that a certificate of review be filed sixty days after an AFCCA decision, unless “a petition for reconsideration is timely filed.” If this triggering event occurs, then the JAG has sixty days to file from “the date of final action on the petition for reconsideration.”
Slip op. at 3 (quoting CAAF R. 34(a)). The Government responded to the motion to dismiss the certification in this case by asserting that its second motion for reconsideration extended the filing deadline under CAAF’s rules. But CAAF unanimously rejects the Government’s contention:
We disagree. The most straightforward reading of C.A.A.F. R. 34(a)’s phrase “a petition for reconsideration” is that it means a petition for reconsideration of the AFCCA’s original decision. C.A.A.F. R. 34(a). The rule’s underlying subject is the original decision of the AFCCA, and “the date of such decision.” Id. The rule contemplates, quite simply, a petition for reconsideration of the substantive decision at issue—not petitions to reconsider the denial of a prior petition for reconsideration.
Slip op. at 4.
Judge Stucky then goes one step further, explaining that the Government’s second motion for reconsideration also failed as a challenge to the CCA’s substantive decision because it was filed past the CCA’s 30-day deadline for requests for reconsideration:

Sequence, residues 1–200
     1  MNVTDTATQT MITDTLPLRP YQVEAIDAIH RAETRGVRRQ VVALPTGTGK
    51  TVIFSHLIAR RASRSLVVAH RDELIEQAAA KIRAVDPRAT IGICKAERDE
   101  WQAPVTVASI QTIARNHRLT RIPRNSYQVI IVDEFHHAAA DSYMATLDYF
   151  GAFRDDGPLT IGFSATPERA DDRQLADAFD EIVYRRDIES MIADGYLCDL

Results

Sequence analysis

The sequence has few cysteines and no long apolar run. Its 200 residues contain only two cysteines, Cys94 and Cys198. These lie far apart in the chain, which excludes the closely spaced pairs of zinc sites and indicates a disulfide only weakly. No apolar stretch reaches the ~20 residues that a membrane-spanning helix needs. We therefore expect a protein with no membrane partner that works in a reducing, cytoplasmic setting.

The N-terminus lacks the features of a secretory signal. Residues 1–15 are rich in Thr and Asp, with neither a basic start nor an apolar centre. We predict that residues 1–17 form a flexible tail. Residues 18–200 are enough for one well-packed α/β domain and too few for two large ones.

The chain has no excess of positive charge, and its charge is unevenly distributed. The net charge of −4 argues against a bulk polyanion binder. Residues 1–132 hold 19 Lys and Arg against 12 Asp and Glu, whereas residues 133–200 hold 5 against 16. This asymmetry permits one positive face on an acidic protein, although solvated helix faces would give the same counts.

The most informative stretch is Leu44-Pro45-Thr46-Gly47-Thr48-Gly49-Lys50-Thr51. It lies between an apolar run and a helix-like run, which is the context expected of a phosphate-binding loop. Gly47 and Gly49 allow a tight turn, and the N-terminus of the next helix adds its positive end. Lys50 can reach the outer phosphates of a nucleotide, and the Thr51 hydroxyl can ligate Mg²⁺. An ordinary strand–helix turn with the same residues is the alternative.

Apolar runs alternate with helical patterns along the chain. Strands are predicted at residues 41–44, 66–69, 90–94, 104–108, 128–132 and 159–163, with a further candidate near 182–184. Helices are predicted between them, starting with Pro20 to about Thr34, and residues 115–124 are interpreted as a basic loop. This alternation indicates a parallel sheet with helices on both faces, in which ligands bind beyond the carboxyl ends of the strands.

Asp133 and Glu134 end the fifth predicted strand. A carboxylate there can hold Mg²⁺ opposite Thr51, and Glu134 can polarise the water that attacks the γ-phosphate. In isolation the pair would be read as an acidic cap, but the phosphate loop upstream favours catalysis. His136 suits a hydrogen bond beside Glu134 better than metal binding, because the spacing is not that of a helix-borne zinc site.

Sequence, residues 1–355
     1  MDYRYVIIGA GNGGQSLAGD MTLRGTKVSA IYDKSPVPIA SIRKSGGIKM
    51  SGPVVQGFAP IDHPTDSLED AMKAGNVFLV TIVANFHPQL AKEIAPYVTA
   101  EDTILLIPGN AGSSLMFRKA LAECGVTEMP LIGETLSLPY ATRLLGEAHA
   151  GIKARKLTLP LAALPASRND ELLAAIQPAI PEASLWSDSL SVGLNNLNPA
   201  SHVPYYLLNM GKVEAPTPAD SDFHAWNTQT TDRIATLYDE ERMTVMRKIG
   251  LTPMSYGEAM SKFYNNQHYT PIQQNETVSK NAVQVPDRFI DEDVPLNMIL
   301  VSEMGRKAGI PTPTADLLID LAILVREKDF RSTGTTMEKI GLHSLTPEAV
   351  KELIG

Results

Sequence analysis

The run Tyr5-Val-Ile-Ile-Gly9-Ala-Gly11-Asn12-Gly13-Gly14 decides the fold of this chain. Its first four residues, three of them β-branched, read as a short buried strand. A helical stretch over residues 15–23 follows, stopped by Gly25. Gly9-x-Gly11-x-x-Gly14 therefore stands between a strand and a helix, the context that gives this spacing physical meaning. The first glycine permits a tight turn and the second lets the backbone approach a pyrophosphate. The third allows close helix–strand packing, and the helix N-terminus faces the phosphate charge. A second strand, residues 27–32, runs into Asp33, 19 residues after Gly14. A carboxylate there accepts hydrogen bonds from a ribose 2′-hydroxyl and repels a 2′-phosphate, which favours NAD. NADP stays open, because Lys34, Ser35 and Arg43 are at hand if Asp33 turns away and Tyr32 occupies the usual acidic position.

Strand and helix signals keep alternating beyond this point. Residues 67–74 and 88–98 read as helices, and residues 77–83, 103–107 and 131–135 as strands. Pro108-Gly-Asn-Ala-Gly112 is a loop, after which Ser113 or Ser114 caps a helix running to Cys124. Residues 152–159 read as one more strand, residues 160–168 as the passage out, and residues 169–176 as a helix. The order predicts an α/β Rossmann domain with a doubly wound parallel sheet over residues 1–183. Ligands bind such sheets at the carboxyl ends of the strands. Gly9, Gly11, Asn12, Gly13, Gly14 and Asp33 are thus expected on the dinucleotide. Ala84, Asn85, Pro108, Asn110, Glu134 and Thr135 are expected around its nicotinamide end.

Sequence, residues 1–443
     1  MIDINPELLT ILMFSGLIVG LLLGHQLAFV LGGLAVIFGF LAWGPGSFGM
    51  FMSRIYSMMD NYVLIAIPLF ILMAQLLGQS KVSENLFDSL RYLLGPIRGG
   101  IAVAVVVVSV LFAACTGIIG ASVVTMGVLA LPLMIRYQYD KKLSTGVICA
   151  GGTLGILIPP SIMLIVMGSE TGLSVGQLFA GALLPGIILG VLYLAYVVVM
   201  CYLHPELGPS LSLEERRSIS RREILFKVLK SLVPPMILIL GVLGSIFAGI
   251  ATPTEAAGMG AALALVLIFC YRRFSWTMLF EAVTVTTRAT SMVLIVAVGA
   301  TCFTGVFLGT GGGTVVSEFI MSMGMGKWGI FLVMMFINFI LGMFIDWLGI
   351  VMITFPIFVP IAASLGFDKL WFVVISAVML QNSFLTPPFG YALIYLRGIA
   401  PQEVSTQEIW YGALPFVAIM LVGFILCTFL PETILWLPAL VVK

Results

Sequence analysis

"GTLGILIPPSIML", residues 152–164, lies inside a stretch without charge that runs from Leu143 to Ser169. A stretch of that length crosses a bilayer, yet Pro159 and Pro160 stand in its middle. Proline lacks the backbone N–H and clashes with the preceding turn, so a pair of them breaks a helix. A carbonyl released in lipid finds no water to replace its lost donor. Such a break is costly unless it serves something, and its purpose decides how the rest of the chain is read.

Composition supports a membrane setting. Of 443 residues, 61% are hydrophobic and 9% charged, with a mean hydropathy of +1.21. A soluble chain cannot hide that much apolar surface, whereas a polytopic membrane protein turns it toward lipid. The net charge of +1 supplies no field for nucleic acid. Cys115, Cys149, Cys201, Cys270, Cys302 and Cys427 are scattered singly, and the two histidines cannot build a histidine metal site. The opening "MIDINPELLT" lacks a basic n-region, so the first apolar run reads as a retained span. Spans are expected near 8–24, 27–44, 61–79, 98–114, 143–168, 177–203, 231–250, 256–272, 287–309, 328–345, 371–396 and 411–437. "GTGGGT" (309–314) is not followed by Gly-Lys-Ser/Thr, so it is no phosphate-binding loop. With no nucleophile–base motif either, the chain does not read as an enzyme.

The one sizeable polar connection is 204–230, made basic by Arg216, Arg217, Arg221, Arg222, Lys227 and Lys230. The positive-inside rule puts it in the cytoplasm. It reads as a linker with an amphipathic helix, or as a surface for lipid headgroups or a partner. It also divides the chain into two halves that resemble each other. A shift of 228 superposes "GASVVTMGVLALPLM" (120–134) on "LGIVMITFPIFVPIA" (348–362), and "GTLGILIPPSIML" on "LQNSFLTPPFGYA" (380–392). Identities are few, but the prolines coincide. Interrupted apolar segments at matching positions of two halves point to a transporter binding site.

Although the Government had only thirty days to seek reconsideration of the substantive decision under AFCCA R. 19(b), it avoided application of this rule by styling its second motion for reconsideration—filed August 3, 2015, forty-five days after the AFCCA’s original decision—as a motion to re-consider the July 24, 2015, denial of the first motion. The Government was thus able to argue that it had complied with the AFCCA’s filing deadlines. But now one technicality confronts another. The very fact that allowed the Government’s second motion for reconsideration to avoid the AFCCA’s filing deadlines is precisely what makes that motion fail C.A.A.F. R. 34(a)’s test. Because the second motion for reconsideration did not seek reconsideration of the AFCCA’s original decision, it does not constitute a qualifying “petition for reconsideration” under C.A.A.F. R. 34(a).
Slip op. at 5. Judge Stucky then concludes with the observation that CAAF “see[s] no basis for bending the requirements of this Court’s filing deadlines.” Slip op. at 5. As a result the certification is dismissed and the CCA’s decision reversing the conviction stands.
The Government is not entirely without recourse. Because CAAF’s rules are not a jurisdictional time limit on certification of a case, the Government could ask the court to permit a tardy renewed certification here. However, CAAF is not a court of equity, and considering the Air Force Government Appellate Division’s opposition to the petition for review in United States v. LaBella, 75 M.J. 52 (C.A.A.F. Dec. 11, 2015) (CAAFlog case page) (in which CAAF held that a CCA could not extend CAAF’s jurisdiction by entertaining a late petition for reconsideration), I think it unlikely that CAAF will be a court of charity for the Air Force in this case.